Floor Clause Mortgages In Spain And How To Claim A Refund

Posted on May 17 2017 - 3:26pm by Editorial Staff

There are close to 320,000 British expats who’ve made their home in Spain, and at just over 20%,they make up a substantial portion of Spain’s foreign property buyers. Anyone applying for a mortgage from a Spanish bank would probably not have noticed a hidden ‘floor clause’, tucked away in the small print, which capped minimum repayments above the advertised interest rate. After many years of legal battles this clause hasnow been declared void and abusive, and in this article, we explain what the floor clause is and how mortgage holders can claim a refund.

The floor clause mortgage

Many Spanish banks offered tracker mortgages that were based on the EURIBOR interest rate, but what they failed to tell their customers was that there was a ‘floor clause’ or clausulasuelo hidden in the small print of their contracts. Only if customers were fluent in Spanish and carefully read the entire contract, or had it translated, would they have been aware of what this clause contained.

The floor clause imposed a minimum interest rate on floating-rate mortgagesby placing a cap on how far mortgage rates could fall in conjunction with the benchmark rate (sounds confusing already, doesn’t it?). In practice, this meant that Spanish mortgage holders did not benefit fully from the record-low interest rates that dominated the market over the last ten years or so.

This clause effectively capped the minimum interest rate so that the banks were protected from negative interest rates.As this clause was never pointed out or explained to home owners before contracts were signed,as soon as the initial fixed-rate period expired, mortgage payments increased and customers had to pay thousands of extra euros.

The floor clause is believed to have added around €3,000 a year to mortgages, and the average claim is around €9,000. Apparently, 90% of all Spanish evictions were directly linked to these hidden floor clauses.

Court rulings

Many homeowners took this matter to the courts and finally, after years of legal action,in May 2013, Spain’s Supreme Court declared floor clause mortgages Spainvoid due to their abusive nature and the banks’ total lack of transparency.

40 Spanish banks and around 15,000 prosecutors were involved in the appeal of the court’s decision, but in February 2015 they lost and the ruling was ratified. This meant that with effective from May 2013 floor clauses were banned and the banks were ordered to refund the overpaid interest charges.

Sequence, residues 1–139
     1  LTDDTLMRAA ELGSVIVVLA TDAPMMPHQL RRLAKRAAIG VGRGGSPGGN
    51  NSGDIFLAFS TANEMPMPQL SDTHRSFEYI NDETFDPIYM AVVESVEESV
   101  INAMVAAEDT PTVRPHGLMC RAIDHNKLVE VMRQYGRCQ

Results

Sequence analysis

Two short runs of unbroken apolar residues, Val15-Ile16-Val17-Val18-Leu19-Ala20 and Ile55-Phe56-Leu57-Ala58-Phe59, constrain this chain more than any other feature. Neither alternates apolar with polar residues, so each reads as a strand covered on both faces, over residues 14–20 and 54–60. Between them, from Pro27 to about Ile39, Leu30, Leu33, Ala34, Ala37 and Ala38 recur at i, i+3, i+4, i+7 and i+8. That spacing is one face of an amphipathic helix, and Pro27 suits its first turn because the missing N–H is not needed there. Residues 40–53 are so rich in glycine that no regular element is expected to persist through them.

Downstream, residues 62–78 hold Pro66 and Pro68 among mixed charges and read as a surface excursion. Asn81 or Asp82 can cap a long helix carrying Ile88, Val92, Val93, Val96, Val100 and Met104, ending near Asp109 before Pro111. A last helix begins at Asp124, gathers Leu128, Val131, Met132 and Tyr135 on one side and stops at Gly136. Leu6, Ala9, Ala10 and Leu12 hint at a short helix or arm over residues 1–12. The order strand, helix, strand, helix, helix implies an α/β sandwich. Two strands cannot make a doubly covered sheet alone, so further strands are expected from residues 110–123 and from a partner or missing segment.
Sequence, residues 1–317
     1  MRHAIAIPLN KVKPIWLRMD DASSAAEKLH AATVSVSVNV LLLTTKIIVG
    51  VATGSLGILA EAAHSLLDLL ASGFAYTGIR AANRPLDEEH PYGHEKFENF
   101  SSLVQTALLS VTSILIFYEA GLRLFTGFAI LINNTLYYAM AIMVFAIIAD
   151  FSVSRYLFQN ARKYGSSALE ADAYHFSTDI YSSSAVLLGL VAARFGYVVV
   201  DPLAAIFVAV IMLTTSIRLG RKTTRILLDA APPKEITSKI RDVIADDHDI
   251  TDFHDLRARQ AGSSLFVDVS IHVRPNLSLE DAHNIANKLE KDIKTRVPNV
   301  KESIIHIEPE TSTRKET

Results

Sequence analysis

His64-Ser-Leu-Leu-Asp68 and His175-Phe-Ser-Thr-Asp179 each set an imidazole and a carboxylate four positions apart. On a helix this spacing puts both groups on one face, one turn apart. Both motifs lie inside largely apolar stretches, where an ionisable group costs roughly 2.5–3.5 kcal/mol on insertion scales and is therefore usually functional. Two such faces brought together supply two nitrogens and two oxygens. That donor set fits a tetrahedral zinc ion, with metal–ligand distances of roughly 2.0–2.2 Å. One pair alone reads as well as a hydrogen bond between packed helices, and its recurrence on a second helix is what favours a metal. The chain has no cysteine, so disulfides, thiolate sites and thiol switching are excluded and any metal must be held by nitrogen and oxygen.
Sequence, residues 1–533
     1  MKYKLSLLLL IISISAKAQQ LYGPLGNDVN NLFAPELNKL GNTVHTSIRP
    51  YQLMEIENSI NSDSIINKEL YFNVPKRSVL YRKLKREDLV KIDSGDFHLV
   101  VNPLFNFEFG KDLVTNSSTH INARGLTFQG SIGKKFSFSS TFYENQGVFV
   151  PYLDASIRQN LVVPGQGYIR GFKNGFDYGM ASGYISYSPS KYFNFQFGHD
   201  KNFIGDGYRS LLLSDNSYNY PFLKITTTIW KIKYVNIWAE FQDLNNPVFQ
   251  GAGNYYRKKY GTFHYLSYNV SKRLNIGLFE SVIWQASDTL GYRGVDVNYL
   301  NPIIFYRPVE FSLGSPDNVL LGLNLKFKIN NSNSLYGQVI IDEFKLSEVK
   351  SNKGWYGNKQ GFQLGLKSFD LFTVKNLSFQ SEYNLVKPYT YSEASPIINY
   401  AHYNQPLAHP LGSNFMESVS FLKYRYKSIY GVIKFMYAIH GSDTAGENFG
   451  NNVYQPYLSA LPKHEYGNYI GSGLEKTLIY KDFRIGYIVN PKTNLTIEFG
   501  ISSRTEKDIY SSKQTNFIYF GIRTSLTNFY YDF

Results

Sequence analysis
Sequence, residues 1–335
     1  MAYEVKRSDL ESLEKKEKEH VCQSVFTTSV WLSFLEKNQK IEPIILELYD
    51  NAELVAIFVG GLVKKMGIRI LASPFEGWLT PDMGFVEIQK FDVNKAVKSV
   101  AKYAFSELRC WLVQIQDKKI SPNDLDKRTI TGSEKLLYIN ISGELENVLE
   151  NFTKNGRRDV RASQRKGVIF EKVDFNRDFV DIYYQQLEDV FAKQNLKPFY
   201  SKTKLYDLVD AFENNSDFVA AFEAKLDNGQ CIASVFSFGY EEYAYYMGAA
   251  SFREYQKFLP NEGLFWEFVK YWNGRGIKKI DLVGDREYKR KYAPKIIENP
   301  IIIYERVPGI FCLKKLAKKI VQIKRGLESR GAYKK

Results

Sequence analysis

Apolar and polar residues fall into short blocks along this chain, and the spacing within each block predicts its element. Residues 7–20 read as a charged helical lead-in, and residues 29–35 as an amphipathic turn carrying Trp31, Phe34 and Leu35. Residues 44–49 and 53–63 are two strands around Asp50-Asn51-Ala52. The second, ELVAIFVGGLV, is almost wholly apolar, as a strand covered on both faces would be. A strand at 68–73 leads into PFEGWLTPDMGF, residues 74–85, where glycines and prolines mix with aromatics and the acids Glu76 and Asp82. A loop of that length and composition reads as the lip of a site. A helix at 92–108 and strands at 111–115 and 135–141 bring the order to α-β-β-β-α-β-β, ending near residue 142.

So as not to cripple the banking industry and harm the Spanish economy in its entirety, it was argued that the ruling should only be applied as far back as May 2013. However, not everyone agreed.The European Commission believed that refunds should be extended all the way back to the first mortgage payments – after all, if a clause is deemed invalid it should be deemed so from its inception date.

On April 26, 2016, the European Court of Justice (ECJ) had the first hearing in this matter and in December 2016 they ruled that Spain’s mortgage lenders must refund their clients all the money they made on these ‘unfair’ mortgage floor clauses. ‘The situation of unfairness must have the effect of restoring the consumer to the situation that [the] consumer would have been in if that term had not existed,’ the court said in a statement. ‘Consequently, the finding that ‘floor clauses’ are unfair must allow the restitution of advantages wrongly obtained by the seller or supplier to the consumer’s detriment.’ Officials at the Bank of Spain estimate that lenders will now have to pay back somewhere in the region of 4 billion euro as a result.

How to claim a refund

If you had a mortgage contract and were charged extra because of a floor clause, the best course of action is to seek legal advice and check with your bank what their complaints procedure is.

Do not sign a new contract

If you have a floor clause in your mortgage contract, the last thing you should do is sign anything sent to you by your bank that has to do with the contract. Many of Spain’s banks are trying to get people to sign new contracts with revised conditions in exchange for an improved rate or other improved benefits. The problem is that when you sign this new contract you also sign away your rights to take legal action against the bank at any later stage.

Right now, solicitors are having a great deal of success with floor cause cases and the banks are refunding the overpaid interest. On average, the whole process takes around four months.

About the Author

Editorial Staff at I2Mag is a team of subject experts.